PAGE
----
Statistics show that people today are more stressed than ever before. Not only are we facing serious problems and striving for higher goals, the pace of life itself has accelerated – and shows no signs of slacking off.
As a result, the evolutionarily “legacy” systems in your brain, and mine, that we have always depended on to calculate opportunities and dangers are now seriously overworked.
Fortunately, we have developed newer, more sophisticated systems in our brains that can communicate with, manage, and sometimes even override those antique ways of looking at and responding to the world.
When you learn to intelligently engage these newer, higher functions, there’s a real chance you can continue to be immersed in today’s problems, goals, and pace of life, and nevertheless conquer your stress.
Here are some tips on how to do it:
Recognize Your Stress for What It Is
At bottom, stress is simply your reaction to changes in your life. The human animal can grow comfortable with an extremely wide range of situations. But as soon as something – anything – changes, we begin to feel stress.
However, the stress system is a lot more complicated than it may seem. For example, it actually has two different “modes” or responses to change.
There’s positive stress, which is what you feel when you’re striving for something that you want – like obtaining food when you’re hungry or shelter against bad weather, and there’s negative stress, which is what you feel when you’re trying to avoid something you don’t want – such as being eaten by a saber-tooth tiger.
The first mistake many people make when faced with stress is failing to recognize the differences between these two modes.
But the differences are fairly easy to observe, if you know what you’re looking for:
- Positive stress is associated with desire, pleasure, happy memories, and striving for satisfaction.
- Negative stress is associated with fear, worry, unhappy memories, and striving for relief.
When you know which mode of stress you are experiencing, you’re in a better position to exert some control over it.
Reframe Your Negative Stress
It’s obvious that you don’t want to conquer your positive stress; that’s what provides the motivation to work toward what you want and ultimately gets you to your goals.
It’s the negative stress you want to conquer. And while it’s not the easiest thing to do – particularly when you’ve experienced a lifetime of living with but not understanding it – there’s a good chance you can begin to control and somewhat limit the negative stress in your work and your life.
The trick is to recognize that nearly every problem, danger, or calamity you’re trying to avoid can be reframed as a positive opportunity, achievement, or reward, toward which you can strive.
Granted, there are real problems, dangers, and calamities you should try to avoid without reframing. But those are far less numerous and proximate than we think. Most of the “negatives” we live with boil down to a current or impending failure to obtain the flip-side “positive” that we want.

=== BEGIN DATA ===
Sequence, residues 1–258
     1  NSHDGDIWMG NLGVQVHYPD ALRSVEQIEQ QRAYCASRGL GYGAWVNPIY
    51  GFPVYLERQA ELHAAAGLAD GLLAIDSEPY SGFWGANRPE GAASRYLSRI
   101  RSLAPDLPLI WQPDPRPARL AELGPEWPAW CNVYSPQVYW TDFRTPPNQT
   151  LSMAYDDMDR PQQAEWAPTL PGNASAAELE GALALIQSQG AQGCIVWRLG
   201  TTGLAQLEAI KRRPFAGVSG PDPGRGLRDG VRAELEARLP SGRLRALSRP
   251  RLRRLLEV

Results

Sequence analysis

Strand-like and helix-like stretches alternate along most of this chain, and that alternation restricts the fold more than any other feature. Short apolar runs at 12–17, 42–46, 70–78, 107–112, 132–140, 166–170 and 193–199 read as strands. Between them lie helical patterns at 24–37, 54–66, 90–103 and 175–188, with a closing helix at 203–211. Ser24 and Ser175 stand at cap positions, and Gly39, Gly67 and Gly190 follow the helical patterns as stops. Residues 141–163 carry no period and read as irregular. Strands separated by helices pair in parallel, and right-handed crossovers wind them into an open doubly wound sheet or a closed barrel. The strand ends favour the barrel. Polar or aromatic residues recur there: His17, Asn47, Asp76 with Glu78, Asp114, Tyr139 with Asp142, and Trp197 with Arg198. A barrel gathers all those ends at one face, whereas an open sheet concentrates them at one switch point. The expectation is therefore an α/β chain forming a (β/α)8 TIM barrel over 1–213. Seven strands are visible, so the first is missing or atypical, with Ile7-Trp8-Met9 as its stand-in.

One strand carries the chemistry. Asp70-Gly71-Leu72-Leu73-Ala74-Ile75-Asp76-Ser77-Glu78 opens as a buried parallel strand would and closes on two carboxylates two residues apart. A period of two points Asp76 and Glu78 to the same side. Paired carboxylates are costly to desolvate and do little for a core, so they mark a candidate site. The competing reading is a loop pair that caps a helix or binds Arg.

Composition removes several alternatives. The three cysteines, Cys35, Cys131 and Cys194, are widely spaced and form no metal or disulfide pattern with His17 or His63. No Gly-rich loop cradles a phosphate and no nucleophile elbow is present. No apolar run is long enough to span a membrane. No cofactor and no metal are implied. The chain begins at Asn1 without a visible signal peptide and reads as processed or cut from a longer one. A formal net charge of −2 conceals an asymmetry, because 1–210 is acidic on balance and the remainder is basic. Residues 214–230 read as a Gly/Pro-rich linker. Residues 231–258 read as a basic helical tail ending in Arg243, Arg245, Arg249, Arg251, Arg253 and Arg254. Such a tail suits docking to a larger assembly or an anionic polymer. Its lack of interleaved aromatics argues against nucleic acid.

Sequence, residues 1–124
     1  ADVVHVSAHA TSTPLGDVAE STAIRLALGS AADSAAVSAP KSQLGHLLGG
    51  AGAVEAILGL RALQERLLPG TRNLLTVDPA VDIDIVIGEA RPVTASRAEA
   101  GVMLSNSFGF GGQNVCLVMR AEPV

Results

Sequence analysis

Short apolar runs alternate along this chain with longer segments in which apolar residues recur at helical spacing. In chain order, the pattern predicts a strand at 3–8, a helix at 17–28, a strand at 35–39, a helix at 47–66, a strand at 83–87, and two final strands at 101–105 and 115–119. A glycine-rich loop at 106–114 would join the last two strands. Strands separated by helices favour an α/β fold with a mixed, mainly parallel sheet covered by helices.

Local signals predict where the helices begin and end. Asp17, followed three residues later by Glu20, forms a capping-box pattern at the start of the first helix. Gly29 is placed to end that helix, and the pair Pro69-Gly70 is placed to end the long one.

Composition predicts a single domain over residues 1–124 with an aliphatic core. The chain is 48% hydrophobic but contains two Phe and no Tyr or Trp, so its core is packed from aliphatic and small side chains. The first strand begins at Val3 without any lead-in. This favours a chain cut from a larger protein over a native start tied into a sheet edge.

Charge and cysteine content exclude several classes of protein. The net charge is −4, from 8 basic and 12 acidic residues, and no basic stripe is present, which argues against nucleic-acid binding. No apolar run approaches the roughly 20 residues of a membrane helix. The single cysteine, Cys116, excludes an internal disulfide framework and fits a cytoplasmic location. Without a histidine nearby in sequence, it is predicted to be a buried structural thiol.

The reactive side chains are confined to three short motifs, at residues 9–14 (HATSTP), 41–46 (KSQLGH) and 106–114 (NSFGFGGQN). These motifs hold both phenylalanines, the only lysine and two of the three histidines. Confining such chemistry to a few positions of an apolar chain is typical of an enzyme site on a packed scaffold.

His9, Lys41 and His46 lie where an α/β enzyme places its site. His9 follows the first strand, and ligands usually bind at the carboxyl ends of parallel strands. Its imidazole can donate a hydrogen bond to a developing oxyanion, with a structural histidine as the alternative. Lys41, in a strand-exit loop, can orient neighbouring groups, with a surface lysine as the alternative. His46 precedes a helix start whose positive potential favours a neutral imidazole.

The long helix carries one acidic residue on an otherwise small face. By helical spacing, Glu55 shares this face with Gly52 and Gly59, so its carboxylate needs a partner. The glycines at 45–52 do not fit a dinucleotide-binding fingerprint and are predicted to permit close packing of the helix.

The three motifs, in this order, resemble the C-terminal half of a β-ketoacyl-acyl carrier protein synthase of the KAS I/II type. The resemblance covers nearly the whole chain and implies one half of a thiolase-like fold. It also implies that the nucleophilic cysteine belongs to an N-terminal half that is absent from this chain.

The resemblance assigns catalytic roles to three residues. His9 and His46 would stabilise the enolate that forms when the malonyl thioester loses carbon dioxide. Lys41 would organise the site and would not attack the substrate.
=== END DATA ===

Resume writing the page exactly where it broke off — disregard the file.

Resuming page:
Focus More on the Reward
It’s fruitful to think about your stressful situation in a different way: understand that when you’re suffering from negative stress, pretty much the best you can do is get out from under it. It’s akin to banging your head against the wall: there’s no gain available; all you can really do is stop.
But when you’re striving for a positive reward, the best you can do is much, much more favorable than simply putting an end to the stress. It’s more akin to cooking a wonderful meal or hiking to a remarkable viewing spot: the result of your effort can be extremely rewarding and memorable.
By reframing negative stress into positive stress, whenever possible, you set yourself up for much more rewarding, satisfying outcomes.
Take Action Toward the Positive
One basic guideline is to combat stress by taking action. You don’t have to search for the best, the most perfect, the optimum action; pretty much any action will tend to reduce your stress. Even better, any action directed toward a positive outcome will conquer your stress even more effectively.
The upshot of this whole analysis is that working or living with negative stress – which often goes unrecognized as negative – is unlikely ever to produce a great deal of satisfaction. The most beneficial outcome from that world-view is probably just a slight reduction in stress for a short time.
Even worse, true negative stress is often tied to problems, dangers, and calamities (think “saber-tooth tigers”) that you have little power to eliminate. There’s not much action you can take to rule them out of your life. As a result, you feel helpless, and the associated high level of stress tends to compromise and debilitate your physical and mental health.
Positive stress, on the other hand, naturally leads to specific actions you can take toward gaining the reward that’s in the offing. This happier situation not only prevents you from feeling so helpless, it tends to burn off the energy the stress is generating in your body, and so – long-term – allows you to suffer far less from its effects.
Plus, by striving toward something desirable, you have the opportunity to gain highly pleasurable rewards that will pay off in satisfaction for a very long time.
In my opinion, if you make an honest attempt to conquer some or all of your stress in this way, by the time National Stress Awareness Month rolls around again, you’ll no longer feel yourself to be as much a victim of negative circumstances.
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